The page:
Owl Canyon Press Short Story Hackathon. FREE! Writers are invited to submit a short story consisting of 50 paragraphs. The contest provides the first and last paragraph. Prizes: $1000, 500, and $250. Twenty-four Finalists will be included in an anthology. Deadline: June 30, 2018.
Nowhere Magazine’s Spring Contest. The literary travel magazine is looking for stories with a powerful sense of place. $20 fee. Fiction or nonfiction. 800-5000 words. Previously published work is okay. $1000 prize plus publication. Deadline July 1st.
ARTS AND LETTERS UNCLASSIFIABLES CONTEST Have a piece that doesn’t fit in a genre? Or it’s not quite poetry OR prose? Then this the contest for you! $8 ENTRY FEE. This contest is for unclassifiable works: works that blur, bend, blend, erase, or obliterate genre and other labels. And works of up to 5,000 words considered. $500 prize. Deadline July 31, 2018.
ORISON BOOKS ANTHOLOGY $15 ENTRY FEE. They’re looking for spiritual/literary poetry, fiction and essays for their next anthology. $500 cash prize as well as publication in The Orison Anthology. Submit up to three poems, one work of fiction or nonfiction up to 8,000 words. Deadline August 1, 2018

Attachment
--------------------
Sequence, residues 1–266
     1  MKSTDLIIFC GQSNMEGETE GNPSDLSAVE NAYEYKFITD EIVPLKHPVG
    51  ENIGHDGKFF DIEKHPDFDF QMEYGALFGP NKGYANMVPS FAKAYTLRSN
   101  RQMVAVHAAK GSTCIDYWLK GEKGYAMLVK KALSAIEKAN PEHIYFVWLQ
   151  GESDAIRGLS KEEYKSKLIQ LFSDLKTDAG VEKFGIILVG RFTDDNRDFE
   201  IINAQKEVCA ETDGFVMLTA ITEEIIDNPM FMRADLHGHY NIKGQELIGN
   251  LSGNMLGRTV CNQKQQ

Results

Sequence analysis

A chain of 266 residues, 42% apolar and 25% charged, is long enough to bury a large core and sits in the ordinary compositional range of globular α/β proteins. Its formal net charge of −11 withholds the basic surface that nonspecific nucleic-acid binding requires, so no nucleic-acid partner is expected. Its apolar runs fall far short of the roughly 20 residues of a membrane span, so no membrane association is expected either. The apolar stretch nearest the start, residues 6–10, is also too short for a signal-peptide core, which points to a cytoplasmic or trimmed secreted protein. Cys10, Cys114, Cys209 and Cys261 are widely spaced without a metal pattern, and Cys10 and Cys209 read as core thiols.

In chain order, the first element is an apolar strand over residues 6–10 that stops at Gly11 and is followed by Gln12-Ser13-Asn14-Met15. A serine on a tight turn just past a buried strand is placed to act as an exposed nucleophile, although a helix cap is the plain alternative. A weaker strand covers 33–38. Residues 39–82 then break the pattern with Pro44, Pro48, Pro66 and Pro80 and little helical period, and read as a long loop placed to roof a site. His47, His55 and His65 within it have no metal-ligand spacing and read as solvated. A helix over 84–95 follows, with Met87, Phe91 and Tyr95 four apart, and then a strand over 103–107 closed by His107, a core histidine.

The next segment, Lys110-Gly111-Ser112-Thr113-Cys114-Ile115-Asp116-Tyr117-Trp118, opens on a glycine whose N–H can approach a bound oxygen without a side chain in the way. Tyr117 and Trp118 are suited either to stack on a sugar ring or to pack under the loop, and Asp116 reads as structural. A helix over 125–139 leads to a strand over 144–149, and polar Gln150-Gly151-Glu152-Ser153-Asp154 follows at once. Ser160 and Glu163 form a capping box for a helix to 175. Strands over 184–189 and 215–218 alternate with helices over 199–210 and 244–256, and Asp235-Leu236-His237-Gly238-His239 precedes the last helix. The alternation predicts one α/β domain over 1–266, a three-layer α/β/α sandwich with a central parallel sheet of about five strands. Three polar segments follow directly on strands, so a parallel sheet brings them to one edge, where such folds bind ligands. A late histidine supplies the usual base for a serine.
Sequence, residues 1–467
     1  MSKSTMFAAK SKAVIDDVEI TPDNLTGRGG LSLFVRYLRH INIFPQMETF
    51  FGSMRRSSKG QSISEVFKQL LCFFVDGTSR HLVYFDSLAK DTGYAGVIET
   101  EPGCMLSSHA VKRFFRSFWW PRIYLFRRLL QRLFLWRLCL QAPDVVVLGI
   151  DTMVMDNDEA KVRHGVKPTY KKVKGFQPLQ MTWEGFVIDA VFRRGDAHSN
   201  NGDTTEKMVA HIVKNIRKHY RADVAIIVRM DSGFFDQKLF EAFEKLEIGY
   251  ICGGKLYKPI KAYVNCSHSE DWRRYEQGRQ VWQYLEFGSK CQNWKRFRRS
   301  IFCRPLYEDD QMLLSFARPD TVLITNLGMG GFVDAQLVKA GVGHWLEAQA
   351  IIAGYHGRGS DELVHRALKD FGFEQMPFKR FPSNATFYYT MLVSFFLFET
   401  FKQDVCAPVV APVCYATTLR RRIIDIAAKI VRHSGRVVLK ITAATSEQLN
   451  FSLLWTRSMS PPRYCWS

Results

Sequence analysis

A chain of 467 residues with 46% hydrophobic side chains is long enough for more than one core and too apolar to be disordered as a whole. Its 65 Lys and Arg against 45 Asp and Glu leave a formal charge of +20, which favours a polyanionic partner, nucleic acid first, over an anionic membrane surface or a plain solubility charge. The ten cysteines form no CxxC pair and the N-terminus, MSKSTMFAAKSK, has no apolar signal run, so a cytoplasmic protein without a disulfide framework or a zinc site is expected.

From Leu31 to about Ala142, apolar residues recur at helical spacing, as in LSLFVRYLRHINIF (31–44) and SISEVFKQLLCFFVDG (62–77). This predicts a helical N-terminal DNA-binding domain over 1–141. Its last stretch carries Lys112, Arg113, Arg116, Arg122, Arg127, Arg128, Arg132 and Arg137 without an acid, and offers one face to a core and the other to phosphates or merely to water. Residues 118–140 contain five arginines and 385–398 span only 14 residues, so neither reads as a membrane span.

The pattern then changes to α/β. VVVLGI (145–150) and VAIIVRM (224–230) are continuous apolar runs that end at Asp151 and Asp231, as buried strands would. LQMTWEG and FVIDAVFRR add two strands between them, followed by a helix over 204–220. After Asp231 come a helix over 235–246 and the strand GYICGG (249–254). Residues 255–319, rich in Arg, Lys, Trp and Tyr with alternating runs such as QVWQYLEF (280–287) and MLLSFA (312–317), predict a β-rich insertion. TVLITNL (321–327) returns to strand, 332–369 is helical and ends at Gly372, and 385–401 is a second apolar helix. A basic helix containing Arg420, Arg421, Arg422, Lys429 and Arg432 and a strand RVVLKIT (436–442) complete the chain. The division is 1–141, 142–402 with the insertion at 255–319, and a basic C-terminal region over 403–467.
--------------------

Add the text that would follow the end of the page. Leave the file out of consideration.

Stories That Need to be Told Contest from Tulip Tree press. $20 entry fee.. $1,000 prize for a poem, a short story, or an essay that “tells a story.” Also publication in the anthology, Stories That Need to Be Told. Up to 10,000 words. Categories: Passion, Depth, Humor, Love. Deadline August 26.
Glimmer Train Fiction Open. $3000 prize for a short story. Second prize $1000. Entry fee $21. Any subject or theme. From 3000 to 20,000 words Deadline August 31